In doing so, it became the first sporting team from anywhere in the Western world to enter the previously forbidden Soviet city of Krasnoyarsk.
Though not unusual now, 30 years ago it proved to be a historic and a remarkable 5,000 mile journey for the party of 33, which included one supporter, to a territory virtually unknown to anyone in the west.
A 25-hour bus and plane journey took them from Beveridge Park to an area associated with nothing but salt mines and bone-numbing cold.
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The reality of Krasnoyarsk was a city of one million friendly, curious people, stadiums on par with established soccer venues in Scotland, and temperatures in the high 80s.
At the airport, they were accorded a traditional Siberian welcome of bread and salt carried on salvers by girls in national dress.
Club official John Methven, who still writes the Blues’ match reports for the Fife Free Press, said upon arrival: “We only found out about it a few minutes before landing.
“You take a chunk of bread, dip it in the salt and eat it – it shows that you will accept their hospitality.”
It proved to be the first of many gestures of welcome.
The hosts organised a full diary of sight-seeing and social functions, and the Fifers raised more than a few eyebrows by donning Scottish Highland dress.
“We thought our first touring team would come from Poland or Romania, but here we have Scots wearing skirts” said one Russian rugby official.
The party held talks with the Soviet rugby fans, met politicians and dignitaries, and made many friends on the tour which opened with a 22-18 victory over Sibtyazhmash, and the players quickly discovered that their Russian hosts knew every piece of gamesmanship in the book.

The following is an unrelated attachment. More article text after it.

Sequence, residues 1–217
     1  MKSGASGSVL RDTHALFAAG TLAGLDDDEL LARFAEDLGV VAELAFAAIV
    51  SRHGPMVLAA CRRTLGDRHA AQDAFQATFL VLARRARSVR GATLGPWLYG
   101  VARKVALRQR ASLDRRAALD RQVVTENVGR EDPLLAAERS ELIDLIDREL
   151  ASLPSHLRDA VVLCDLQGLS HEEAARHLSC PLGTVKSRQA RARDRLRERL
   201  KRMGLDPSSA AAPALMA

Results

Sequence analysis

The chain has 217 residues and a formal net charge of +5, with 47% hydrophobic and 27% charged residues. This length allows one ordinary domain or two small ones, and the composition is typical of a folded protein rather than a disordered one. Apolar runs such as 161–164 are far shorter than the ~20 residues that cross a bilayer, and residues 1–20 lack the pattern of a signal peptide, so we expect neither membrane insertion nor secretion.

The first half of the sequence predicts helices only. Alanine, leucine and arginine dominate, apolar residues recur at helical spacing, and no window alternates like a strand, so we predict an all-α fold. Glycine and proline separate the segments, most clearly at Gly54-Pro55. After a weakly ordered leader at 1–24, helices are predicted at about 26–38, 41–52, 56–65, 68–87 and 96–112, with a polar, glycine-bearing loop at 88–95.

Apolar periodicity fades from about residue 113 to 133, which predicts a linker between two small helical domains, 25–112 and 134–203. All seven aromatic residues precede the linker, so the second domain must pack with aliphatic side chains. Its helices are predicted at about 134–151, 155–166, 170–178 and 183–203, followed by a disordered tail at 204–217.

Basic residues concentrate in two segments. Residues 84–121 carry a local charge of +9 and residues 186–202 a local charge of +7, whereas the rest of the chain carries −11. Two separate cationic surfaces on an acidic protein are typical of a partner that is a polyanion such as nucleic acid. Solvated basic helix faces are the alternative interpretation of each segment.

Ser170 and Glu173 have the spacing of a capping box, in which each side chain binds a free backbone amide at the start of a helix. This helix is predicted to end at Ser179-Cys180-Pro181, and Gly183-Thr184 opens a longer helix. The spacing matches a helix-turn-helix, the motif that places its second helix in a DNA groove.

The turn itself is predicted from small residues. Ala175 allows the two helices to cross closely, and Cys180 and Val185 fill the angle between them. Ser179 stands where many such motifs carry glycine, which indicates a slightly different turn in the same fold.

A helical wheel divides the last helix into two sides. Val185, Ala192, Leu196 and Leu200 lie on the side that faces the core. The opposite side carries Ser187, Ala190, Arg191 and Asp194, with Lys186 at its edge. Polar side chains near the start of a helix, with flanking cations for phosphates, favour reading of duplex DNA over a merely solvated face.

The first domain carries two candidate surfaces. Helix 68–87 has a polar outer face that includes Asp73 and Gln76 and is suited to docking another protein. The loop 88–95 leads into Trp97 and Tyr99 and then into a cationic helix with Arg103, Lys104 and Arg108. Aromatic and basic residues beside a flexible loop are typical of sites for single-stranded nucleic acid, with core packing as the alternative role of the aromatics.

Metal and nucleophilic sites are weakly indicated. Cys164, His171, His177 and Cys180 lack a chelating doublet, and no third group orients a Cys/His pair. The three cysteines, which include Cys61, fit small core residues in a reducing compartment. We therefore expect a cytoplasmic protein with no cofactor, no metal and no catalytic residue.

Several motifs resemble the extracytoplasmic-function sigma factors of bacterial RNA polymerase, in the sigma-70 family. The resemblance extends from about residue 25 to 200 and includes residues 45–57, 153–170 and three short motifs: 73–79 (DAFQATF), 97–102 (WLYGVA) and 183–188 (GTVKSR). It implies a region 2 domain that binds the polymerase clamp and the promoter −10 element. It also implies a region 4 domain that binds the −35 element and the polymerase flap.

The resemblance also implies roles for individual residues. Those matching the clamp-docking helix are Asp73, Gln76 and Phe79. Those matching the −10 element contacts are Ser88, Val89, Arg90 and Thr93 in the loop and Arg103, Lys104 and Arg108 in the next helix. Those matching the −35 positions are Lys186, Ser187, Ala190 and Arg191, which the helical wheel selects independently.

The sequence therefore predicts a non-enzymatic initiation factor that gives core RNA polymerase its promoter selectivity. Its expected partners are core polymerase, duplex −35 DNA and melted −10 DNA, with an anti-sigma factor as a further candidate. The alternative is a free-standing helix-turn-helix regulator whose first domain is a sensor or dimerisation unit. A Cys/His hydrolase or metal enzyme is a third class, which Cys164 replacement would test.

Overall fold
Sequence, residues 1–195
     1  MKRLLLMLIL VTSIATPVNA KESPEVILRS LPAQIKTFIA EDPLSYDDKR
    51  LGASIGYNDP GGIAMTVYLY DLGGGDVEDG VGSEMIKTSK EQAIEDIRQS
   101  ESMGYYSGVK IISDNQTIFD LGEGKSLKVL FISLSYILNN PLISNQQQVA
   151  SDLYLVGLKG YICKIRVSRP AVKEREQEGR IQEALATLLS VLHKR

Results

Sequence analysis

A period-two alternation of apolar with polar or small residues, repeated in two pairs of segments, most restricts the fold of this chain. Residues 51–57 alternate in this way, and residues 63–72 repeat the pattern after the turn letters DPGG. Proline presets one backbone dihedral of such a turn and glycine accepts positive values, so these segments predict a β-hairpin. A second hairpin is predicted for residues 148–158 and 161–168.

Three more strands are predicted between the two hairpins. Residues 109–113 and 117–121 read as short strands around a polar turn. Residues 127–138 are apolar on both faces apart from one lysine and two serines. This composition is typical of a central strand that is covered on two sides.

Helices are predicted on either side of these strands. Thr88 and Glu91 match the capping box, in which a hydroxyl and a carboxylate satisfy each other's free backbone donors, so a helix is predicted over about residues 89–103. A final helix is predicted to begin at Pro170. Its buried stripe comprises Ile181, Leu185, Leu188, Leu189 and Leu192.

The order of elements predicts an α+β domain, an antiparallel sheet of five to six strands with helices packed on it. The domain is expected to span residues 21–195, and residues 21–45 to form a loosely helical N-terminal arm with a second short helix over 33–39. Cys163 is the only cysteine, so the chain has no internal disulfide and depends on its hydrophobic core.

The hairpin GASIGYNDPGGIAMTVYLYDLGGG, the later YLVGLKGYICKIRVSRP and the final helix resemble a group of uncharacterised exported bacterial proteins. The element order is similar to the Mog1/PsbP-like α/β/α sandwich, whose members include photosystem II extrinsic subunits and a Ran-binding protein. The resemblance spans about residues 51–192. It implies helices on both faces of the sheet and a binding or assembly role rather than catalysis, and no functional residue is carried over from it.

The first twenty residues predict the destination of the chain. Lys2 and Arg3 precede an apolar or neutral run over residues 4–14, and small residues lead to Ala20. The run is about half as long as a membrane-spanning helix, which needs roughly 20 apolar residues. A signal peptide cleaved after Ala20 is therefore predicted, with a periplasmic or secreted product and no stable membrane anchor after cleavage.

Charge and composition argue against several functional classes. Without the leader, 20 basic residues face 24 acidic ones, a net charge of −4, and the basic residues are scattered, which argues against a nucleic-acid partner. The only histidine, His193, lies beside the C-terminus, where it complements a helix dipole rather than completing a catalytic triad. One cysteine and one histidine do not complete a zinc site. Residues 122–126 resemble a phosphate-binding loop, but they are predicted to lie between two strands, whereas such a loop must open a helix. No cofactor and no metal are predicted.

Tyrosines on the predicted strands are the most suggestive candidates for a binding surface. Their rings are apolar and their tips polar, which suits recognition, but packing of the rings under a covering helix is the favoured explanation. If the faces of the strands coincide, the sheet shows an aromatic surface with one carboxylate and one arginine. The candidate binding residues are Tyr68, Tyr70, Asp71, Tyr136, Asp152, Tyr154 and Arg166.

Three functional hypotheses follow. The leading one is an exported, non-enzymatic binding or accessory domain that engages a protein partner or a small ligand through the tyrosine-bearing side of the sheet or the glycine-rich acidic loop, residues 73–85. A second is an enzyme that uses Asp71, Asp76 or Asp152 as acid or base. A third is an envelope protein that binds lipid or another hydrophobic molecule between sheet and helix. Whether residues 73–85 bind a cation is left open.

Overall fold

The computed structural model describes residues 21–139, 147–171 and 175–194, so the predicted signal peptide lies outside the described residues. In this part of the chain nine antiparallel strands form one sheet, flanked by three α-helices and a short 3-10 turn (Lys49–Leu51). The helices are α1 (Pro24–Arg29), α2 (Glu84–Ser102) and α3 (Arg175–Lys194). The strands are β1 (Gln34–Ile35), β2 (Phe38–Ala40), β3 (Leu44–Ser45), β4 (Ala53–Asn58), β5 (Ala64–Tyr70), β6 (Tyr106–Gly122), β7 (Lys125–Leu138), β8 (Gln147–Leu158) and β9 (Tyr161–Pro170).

Devious fingers found their way into eye sockets, and more than one jersey was given the occasional tug. The goal line had a concrete border, and the inevitable injury saw player Alan Fraser dislocate his elbow.
The rutted pitch also grazed many knees while mosquitoes took care of the arms.
A little bit wiser, the Blues prepared for their toughest test against top side Krasny Yar who proved to be too good for the Blues and emerged victorious by 26-9 and won a return match by 16-1, though it was a much improved Kirkcaldy performance.
The games were filmed by Siberian television and broadcast the following evening, giving the players a chance to watch themselves in action.
The tour concluded with a strength-sapping game in Moscow against top side Slava which the Blues lost 24-0.
Two weeks of training, playing and coping with a radically different diet had taken their toll, but there was at least the consolation of cupping draught beer in Russian rugby’s only clubhouse.
“It was a bit like being back in Beveridge Park on a wet night!” said John.
The incredible adventure finally ended when the coach made the final leg of the journey from Manchester to Kirkcaldy, arriving back late on a Sunday evening.
“It was the trip of a lifetime,”John said, “It was a superb experience, and nothing we asked for was too much trouble.
“They were desperate to show what the city has to offer, and the hospitality was out of this world.
He added: “The kilts we wore proved to be a great source of interest!”